> There are 8 columns in the spreadsheet
> 1) Name of the home page
> 2) The testing URL
> 3) Any DOCTYPE? (Yes or No options. If no then I did't use 
> W3C Validator because never will parse any documents without 
> 4) Which DOCTYPE? (I have manual from each home page copy and 
> pasted the DOCTYPE into the spreadsheet. You will find some 
> creative ways of writting it, like some webmasters think that 
> "EN" stands for english and then they have translated it to 
> danish "DA" A lot also forget the 2nd line of the DOCTYPE 
> like ""http://www.w3.org/TR/html4/loose.dtd" W3C Validator 
> can still parse the document even the 2nd line is missing.
> 5) Did home pages with a DOCTYPE manage the test at W3C 
> Validator (Yes or No)
> 6) Encoding problems (for home pages with problems here it's 
> marked in the cell with Encoding problems)
> 7) Number of errors (how many errors did W3C Validator found)
> 8) Webserver tool (I have use the Web-sniffer 
> http://web-sniffer.net/ to detect the webserver and also to 
> check the encoding labelling (iso-8859-1, UTF-8 etc) from the 
> HTTP Response Header (Note Content-Type for text/html is not 
> in the spreadsheet only the webserver tool)
> Note: it's only a snap-shot of the day I tested the home-page 
> things can have changed. One more thing I can figure out is 
> that when 10 % of the home pages use HTML 3.2 or HTML 2.0 in 
> their DOCTYPE it's a direct way to have many errors according 
> W3C Validator. Education in this matter is also needed. The 
> main entrance page is a dynamic page and change quite often 
> so using old HTML version is a bad idea, I don't think 
> webmasters is thinking about this issues.
> After finding out that 64,8 % is missing the DOCTYPE. I 
> decided to create a minor guide in Danish for this issue. 
> Since missing character encoding labeling (iso-8859-1, UTF-8)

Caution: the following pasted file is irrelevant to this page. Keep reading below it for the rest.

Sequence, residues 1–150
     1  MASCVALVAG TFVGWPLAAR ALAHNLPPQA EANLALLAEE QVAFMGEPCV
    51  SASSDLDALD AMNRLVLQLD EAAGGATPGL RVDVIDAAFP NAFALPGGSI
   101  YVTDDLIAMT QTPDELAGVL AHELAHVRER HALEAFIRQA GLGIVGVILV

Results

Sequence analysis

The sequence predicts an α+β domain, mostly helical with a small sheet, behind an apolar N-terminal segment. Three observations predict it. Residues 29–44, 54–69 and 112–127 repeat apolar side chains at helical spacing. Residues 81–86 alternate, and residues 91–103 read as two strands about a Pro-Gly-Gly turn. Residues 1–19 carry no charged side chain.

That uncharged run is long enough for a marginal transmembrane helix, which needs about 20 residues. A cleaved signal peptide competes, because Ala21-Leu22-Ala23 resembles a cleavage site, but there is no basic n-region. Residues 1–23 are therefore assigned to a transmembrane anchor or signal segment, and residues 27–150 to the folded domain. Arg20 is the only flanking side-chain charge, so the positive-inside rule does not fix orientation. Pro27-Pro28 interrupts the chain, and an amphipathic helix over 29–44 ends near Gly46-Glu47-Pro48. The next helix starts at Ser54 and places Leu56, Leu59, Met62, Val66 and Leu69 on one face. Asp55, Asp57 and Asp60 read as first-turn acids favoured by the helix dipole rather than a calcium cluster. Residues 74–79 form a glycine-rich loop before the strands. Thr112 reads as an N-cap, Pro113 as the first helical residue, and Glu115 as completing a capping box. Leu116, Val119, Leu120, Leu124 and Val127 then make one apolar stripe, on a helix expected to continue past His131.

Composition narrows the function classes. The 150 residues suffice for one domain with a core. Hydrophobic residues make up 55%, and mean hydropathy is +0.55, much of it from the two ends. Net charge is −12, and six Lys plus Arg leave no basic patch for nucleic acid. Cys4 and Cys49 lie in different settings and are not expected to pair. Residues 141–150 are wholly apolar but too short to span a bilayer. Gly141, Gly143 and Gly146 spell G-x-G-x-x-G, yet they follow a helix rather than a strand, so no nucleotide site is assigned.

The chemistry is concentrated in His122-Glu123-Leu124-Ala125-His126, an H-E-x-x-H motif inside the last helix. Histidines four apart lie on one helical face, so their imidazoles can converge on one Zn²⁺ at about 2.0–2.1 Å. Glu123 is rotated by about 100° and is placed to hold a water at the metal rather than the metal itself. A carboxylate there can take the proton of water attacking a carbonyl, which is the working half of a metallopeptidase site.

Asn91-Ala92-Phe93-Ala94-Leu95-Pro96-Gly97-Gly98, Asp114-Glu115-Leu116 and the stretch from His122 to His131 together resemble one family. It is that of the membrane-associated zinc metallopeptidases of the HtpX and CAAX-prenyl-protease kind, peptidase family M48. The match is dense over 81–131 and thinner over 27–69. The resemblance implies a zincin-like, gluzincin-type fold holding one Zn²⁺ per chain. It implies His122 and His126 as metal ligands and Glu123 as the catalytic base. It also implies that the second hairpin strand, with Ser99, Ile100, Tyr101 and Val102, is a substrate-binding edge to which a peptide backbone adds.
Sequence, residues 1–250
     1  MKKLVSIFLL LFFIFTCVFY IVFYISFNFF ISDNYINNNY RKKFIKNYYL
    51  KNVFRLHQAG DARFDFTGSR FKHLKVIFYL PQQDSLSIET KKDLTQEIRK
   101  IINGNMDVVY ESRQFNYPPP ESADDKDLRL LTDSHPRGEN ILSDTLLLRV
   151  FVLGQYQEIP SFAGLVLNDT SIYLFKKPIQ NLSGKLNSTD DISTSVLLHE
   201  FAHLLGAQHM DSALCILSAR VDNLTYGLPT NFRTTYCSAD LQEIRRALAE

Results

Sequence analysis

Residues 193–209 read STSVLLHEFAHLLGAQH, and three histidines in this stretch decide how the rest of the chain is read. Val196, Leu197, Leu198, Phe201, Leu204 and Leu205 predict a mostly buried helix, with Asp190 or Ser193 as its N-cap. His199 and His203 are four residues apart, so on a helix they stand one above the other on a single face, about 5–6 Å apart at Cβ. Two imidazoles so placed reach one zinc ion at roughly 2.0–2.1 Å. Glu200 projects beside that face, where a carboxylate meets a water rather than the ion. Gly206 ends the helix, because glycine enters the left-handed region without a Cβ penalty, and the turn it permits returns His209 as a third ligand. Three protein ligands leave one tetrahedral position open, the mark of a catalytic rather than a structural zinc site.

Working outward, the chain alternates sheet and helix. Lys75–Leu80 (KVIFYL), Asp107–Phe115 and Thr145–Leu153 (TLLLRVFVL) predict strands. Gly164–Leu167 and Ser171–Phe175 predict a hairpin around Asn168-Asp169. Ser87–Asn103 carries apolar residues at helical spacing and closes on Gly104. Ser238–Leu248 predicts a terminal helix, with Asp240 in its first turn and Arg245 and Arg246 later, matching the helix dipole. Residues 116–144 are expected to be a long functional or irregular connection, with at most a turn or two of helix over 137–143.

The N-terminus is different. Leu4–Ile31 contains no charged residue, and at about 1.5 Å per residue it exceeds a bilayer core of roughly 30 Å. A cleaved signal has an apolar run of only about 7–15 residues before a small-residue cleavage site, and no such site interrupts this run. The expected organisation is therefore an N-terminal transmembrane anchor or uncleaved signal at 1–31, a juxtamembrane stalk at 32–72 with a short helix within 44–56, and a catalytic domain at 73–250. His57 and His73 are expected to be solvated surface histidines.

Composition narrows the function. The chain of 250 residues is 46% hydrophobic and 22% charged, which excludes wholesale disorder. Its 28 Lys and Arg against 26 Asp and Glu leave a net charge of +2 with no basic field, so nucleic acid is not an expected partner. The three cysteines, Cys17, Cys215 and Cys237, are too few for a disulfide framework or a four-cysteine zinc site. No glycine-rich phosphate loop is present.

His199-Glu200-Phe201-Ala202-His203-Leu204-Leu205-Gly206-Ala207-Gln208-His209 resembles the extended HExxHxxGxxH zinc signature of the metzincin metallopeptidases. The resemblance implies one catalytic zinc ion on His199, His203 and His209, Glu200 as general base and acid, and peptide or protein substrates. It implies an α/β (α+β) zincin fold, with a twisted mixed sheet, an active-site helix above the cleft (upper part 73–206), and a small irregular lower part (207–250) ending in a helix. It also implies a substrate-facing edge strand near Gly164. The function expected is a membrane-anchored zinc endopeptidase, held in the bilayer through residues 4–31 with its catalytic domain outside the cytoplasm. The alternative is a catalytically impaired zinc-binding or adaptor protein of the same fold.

> is also a major problem. I decided to explain very simple 
> about this.  I have also give webmaster a chance to begin on 
> Unicode (UTF-8), by given them a links to a Danish "how to 
> use Unicode on webpages" however I fell in this matter in 
> Denmark, more education is needed. Often at small authorities 
> home page maybe the webeditor is only working 2-3 hours pr 
> week she/he has other things to do at work. Unicode can be a 
> little bit complex to understand. Since many is using 
> webeditor software like DreamWeaver, Frontpage etc, they 
> never see the HTML code, they just write and then publish.  
> FrontPage is pr default inserting "Windows-1252"in the 
> META-TAG. My advice for Danish Ministry for Science, 
> Technology and Innovation was that in this issue, high-tech 
> people have to create templates for not so HTML/XHTML 
> familiar workers like the example I gave above. Second 
> advice, high tech people have to set up systems that use 
> PHP/ASP server side scripting language, CMS etc. to use a 
> correct W3C Standard template. We can't assume or demand that 
> every one that produce text/content for the web knows things 
> like this.
> During my survey I have also the purpose explain how the W3C 
> validator works, the W3C validator is a cool tool if you 
> understand the errors messages. For not so good english 
> reading people(webmasters) it's very difficult to figure out 
> the "Character encoding label" error etc. Well we need a 
> Danish localized version. Maybe an idea for W3C to create 
> localized versions for more countries in the world? 
> (HTML-TIDY maybe also?)The local goverments around the world 
> could pay for a localized version then W3C would hosted these 
> versions. It's would benefit a lot of not so HTML/XHTML skilled people
> Well my main ambition with this survey is to create a debate 
> in Denmark.
> So politicians begin react. One big problem I also see is 
> that the retailer of CMS never ever tells/educate the buyers, 
> how to set up the HTML/XHTML template for correct W3C 
> standard. Lot's of people in public sector thinks, well we 
> have bought this expensive CMS then we also assume that 
> everything is fine, but that's not the case. 
> Finally, I don't think the problems above are only a problem 
> in Denmark.
> I think it's world wide problem. 
> Hope you can use the data to something and got the major points above.
> Please feel free to ask me again. After publising my survey 
> 2004-02-28, there has not been to much respons in the danish 
> media yet. I have e-mail newspapers etc. But no one yet have 
> publish anything.
> Soren Johannessen
> Major findings from survey at
> http://www.ae35-unit.dk/standard/english.html
Received on Friday, 5 March 2004 03:58:28 UTC